Shortly after Alaska’s announcement to ban emotional support animals, American Airlines is joining in to do the same starting January 11, when the U.S. Department of Transportation’s rule goes into effect.
“Our team is motivated by a purpose to care for people on life’s journey, and we believe these policy changes will improve our ability to do just that,” said Jessica Tyler, President of Cargo and Vice President of Airport Excellence for American. “We’re confident this approach will enable us to better serve our customers, particularly those with disabilities who travel with service animals, and better protect our team members at the airport and on the aircraft.”
The upcoming change goes in line with the DOT’s decision made in December 2020 which would allow airlines under their jurisdiction to no longer be obligated to accommodate emotional support animals (ESA) from January 11, 2021. According to the decision, emotional support animals would no longer be considered service animals, allowing airlines to charge for ESAs and limit the size and weight of animals coming on board.
According to the ruling, service animals will still be allowed, but they must be a dog that is individually trained to do work or perform tasks for the benefit of a qualified individual with a disability. Disabilities can fall in a number of categories including physical, sensory, psychiatric, intellectual, or other mental disability.
American Airlines will ask customers traveling with service animals to complete a DOT form attesting to the dog’s behavior, training and health. The airline will require this form to be submitted electronically 48 hours in advance of a flight, unless the reservation is booked within 48 hours of travel. A service animal’s authorization will be valid for one year or until the expiration of its vaccinations. Once the forms are submitted, they will be reviewed before authorization is granted to allow the service animal on board.
Those previously traveling with ESAs will now be required to pay to transport their pets in a crate (in cabin) or if they fly as cargo pets in the hold.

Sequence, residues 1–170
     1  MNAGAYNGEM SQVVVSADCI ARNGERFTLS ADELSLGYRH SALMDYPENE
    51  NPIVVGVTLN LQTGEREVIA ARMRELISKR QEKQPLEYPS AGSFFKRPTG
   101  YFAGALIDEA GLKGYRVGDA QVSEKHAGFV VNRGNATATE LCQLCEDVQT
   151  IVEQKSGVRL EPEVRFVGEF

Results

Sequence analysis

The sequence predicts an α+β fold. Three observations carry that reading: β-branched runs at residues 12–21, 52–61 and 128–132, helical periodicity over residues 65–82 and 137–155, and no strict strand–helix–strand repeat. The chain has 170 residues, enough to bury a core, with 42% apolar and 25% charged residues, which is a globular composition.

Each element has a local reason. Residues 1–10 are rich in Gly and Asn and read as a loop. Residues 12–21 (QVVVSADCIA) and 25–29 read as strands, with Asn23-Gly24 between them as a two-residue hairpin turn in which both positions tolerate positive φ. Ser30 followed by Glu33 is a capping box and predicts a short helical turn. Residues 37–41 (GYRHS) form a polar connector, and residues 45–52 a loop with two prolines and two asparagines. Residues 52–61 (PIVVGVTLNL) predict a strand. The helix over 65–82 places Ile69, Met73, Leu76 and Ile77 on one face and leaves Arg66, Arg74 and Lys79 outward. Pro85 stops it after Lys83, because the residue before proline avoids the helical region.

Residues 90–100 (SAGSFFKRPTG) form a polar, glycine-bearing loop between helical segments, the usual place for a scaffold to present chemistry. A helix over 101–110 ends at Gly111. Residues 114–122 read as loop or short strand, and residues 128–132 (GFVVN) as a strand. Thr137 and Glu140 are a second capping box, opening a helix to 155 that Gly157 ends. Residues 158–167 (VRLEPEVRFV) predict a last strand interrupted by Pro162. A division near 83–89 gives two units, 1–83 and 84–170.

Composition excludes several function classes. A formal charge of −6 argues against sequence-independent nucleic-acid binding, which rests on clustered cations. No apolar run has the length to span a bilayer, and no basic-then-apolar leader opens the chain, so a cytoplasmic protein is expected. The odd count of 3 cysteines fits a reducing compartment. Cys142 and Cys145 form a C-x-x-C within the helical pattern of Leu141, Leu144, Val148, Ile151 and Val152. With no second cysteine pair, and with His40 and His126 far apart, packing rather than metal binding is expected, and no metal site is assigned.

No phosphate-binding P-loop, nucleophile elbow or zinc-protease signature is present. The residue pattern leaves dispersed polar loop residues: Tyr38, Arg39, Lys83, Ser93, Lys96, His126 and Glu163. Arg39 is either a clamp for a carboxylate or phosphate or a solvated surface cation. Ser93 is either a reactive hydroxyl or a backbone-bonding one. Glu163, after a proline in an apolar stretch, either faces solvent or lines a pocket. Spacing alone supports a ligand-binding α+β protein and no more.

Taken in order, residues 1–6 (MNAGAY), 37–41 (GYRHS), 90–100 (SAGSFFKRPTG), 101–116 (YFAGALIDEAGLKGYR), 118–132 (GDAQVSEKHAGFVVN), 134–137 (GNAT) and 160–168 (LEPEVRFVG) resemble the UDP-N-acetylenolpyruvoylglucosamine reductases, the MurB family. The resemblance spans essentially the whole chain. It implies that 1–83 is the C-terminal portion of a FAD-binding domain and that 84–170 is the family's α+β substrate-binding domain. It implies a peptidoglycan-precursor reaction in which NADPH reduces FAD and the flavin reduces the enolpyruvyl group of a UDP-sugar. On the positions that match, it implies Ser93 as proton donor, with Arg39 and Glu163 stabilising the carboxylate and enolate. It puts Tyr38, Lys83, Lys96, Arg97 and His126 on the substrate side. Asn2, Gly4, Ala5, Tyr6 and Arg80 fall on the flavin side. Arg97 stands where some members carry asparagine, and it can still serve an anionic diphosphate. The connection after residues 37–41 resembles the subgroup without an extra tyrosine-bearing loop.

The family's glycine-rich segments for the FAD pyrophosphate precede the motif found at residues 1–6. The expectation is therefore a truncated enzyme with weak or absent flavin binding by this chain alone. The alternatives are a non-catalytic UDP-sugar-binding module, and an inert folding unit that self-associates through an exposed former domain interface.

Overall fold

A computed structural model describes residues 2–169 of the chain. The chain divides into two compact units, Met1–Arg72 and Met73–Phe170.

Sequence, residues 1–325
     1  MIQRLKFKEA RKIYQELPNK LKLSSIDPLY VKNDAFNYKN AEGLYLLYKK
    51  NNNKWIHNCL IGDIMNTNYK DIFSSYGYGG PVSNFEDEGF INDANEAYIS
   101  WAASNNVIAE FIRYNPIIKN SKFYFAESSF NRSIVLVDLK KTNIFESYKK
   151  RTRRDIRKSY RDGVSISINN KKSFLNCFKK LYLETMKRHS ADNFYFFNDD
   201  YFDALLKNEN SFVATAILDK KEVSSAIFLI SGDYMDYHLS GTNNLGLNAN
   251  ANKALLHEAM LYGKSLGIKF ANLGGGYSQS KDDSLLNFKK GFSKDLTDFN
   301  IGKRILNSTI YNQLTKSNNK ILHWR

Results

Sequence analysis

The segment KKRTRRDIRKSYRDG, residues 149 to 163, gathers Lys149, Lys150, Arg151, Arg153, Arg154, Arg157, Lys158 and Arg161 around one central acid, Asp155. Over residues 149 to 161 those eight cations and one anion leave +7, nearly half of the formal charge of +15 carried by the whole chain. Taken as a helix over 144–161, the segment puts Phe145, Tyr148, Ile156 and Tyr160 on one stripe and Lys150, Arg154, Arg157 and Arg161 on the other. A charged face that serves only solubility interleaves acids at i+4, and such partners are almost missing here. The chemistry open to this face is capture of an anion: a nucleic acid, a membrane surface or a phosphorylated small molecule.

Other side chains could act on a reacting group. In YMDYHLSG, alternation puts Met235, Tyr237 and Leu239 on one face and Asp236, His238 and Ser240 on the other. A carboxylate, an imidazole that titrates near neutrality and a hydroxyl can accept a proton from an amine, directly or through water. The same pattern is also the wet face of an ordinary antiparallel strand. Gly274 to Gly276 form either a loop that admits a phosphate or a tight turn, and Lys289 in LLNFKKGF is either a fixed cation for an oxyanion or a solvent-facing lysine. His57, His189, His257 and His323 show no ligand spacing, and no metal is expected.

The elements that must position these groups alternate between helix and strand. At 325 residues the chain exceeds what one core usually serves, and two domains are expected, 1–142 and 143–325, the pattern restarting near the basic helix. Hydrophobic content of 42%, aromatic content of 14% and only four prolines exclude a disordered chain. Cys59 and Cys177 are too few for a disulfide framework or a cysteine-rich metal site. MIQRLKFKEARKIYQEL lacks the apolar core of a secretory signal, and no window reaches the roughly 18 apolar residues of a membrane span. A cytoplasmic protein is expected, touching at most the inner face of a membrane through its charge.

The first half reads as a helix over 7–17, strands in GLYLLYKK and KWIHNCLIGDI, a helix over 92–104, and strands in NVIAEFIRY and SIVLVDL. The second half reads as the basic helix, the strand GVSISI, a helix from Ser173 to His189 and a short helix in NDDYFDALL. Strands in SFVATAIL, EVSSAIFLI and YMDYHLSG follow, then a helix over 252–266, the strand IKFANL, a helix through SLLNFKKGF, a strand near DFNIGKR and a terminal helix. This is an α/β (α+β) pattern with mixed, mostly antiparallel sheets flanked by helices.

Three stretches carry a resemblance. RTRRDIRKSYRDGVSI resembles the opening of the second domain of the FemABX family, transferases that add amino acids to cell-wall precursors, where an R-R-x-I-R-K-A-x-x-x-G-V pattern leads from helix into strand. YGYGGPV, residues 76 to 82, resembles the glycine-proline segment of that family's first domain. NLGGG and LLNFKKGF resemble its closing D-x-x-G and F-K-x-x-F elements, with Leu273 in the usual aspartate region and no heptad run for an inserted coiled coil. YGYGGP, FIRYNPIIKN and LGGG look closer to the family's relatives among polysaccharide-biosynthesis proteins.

American will still accommodate passengers flying with ESAs until the end of January for those with existing bookings, but those booked to fly from February 1 and beyond will need to re-think their pet transport options.
There’s one loop hole that dog owners may consider, and that’s the option of classifying their pets as “psychiatric service dogs“.
A psychiatric assistance dog (PAD) is a service dog that is trained to assist its handler (owner) who has been diagnosed with a mental health condition such as post-traumatic stress disorder (PTSD), schizophrenia, depression, anxiety, or bipolar disorder.
Those flying with PADs will be required to follow the same route as those flying with service animals, and will also be required to fill out DOT forms justifying their need for their dog to be on board. However, as service dogs can be self-certified, we expect some kind of abuse of this privilege, but the DOT also followed up saying they will police this policy as best as possible.
The Department will, however, monitor whether unscrupulous individuals are attempting to pass off their pets as service animals for non-apparent disabilities, including (but not limited to) psychiatric disabilities. This process is not intended to single out or unduly burden psychiatric service animal users. Indeed, in the department’s notice of proposed rulemaking, the Department noted the possibility that individuals could also attempt to pass off their pets as service animals for non-apparent physical disabilities, such as diabetes. The Office of Aviation Consumer Protection welcomes the input and assistance of airlines, disability advocacy organizations, and other stakeholders on how best to conduct the monitoring to ensure accurate data.
[Featured Photo: Sunnya343/Wikimedia (CC BY-SA 4.0)]